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Despite city warnings, civil rights protesters march on

Marshaled by a phalanx of riders from Tha Pack Motorcycle Club, Rosia Parker and Katrina Turner led 30 marchers and a media entourage down Charlottesville streets Friday afternoon, calling for justice and equality in defiance of city officials.

Holding a banner, they shouted chants over bullhorns on the two-hour march that started in front of the Charlottesville Police Department, stopped at the intersection of McIntire Road and Preston Avenue and continued up Preston to Fifth Street, ending at Tonsler Park.

The organizers noted the small turnout compared to past marches in the city and called out city officials for a Thursday evening warning that organizers of events “obstructing city streets and using parks without the proper permits will no longer be allowed.”

“I will not let the city shut me down,” Parker called out at the march’s start. “I will not let the city shut me up. These are our streets. We will not back down. Black lives matter!”

The march started slowly, with about two dozen marchers and a dozen photographers, videographers and reporters darting in and out of the main group. When the group stopped, Parker and Turner addressed the throng, talking of their lives, their fight for equality and the lives of others in the community.

“We are still in the same battle today,” Parker said, referring to the civil rights movements of the past. “A lot of people say they’re fighting, but they’re not. A lot of people want to join the fight, but they don’t know how. We need to teach our babies to fight but we need to teach them why and what they are fighting for.”

She said the size of the group didn’t matter.

“There doesn’t have to be a lot of us. Even a small amount can be a strong amount,” she said.

As it moved, the group attracted more marchers, some of whom proved disruptive. When the group stopped at McIntire and Preston, they were joined by members of the Fluvanna-based motorcycle club and the disruptions ceased.

The bikers set about blocking intersections in front of the group while members of the Charlottesville Police Department motorcycle squad rode ahead to block intersections farther away.

The motorcycle officers, along with a Charlottesville Public Works dump truck and officers in cruisers, worked to limit traffic around the group.

Tha Pack’s motorcycles and riders attracted attention as the group walked on, gathering more marchers.

“This is what we do,” said club rider ‘Li’l Bizz,’ who saw the march and contacted his club colleagues to join. “We are about getting involved in our community, doing things for people. [Parker] was like a second mother, a grandmother to me when I was growing up. She’s like a mother for the whole street. We’re doing this for her.”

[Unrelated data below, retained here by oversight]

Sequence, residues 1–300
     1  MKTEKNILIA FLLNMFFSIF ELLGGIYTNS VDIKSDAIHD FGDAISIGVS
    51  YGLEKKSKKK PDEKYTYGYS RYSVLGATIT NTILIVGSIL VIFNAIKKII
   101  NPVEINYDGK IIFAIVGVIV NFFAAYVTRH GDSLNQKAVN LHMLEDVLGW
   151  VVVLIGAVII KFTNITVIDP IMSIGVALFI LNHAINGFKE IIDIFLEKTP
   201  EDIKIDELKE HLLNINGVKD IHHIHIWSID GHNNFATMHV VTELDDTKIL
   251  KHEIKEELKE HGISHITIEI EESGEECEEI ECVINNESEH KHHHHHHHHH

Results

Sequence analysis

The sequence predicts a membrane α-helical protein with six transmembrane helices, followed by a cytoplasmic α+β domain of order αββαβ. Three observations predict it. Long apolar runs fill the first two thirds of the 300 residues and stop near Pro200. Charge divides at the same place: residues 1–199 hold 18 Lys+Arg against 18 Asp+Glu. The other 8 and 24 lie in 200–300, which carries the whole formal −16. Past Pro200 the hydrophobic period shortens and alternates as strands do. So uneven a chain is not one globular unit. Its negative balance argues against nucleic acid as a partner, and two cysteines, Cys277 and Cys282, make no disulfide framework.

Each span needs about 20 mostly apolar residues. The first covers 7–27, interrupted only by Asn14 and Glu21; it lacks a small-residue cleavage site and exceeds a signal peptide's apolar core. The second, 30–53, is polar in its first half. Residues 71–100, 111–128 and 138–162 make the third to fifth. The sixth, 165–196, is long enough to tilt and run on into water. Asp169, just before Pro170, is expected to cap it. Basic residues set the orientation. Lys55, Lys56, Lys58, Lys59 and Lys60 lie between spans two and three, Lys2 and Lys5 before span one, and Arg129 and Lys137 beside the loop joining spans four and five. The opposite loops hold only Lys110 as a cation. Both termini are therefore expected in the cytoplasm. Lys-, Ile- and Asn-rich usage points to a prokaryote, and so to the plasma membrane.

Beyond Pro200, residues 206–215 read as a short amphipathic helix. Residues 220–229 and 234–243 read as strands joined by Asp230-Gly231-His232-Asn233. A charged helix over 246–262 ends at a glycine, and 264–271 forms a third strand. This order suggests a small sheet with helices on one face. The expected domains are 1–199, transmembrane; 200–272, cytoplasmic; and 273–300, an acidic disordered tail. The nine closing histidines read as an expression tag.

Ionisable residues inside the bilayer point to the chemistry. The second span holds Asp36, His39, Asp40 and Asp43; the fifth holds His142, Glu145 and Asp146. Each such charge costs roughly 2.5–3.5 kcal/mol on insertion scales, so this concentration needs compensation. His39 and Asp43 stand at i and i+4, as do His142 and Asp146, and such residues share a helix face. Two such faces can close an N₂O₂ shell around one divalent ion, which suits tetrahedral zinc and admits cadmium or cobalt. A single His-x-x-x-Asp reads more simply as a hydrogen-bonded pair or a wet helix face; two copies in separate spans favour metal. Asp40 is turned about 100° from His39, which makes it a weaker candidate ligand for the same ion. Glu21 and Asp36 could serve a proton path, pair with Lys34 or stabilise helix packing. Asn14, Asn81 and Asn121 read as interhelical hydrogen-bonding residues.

Turner and Parker said they were aware of a release sent out Thursday night by Charlottesville officials warning that city ordinances passed to slow the spread of COVID-19 would be enforced.

Those include a temporary halt to issuing special events permits, mandatory face coverings and no gatherings of larger than 50 people.

“Over the last three months, large crowds gathered in both Washington Park and Market Street Park,” City Manager Tarron Richardson wrote in the Thursday release. “These gatherings have obstructed nearby public streets and intersections. While the City of Charlottesville has supported the community’s right to peaceably assemble, obstructing city streets and using parks without the proper permits will no longer be allowed.”

Richardson said the non-permitted events “come at considerable cost” to the city and that he will issue citations to event organizers who use parks without a special event permit. He noted that, in response to the pandemic, the city has temporarily ceased issuing special event permits.

He also noted that Friday’s march had not been permitted.

“Moving forward, those who commit violations of state law and/or city ordinance, such as obstructing or blocking traffic, COVID restrictions, or any other violation will be charged accordingly,” Richardson wrote.

On Friday, as the marchers made their way toward Tonsler Park, Richardson sent a letter to the organizer of a June 19 Juneteenth Celebration held in Washington Park notifying him of the $500 fine. The letter noted that the organizer had agreed in June to pay the civil penalty rather than cancel the event.

At the park, Turner and Parker said several volunteers had backed out of the march after Richardson’s statement, including one person who had offered to provide food for marchers once they reached their goal.

“Don’t worry, though. We have food for you,” Turner told the estimated 40 participants. “I spent all day cooking for you. I hope there’s enough.”


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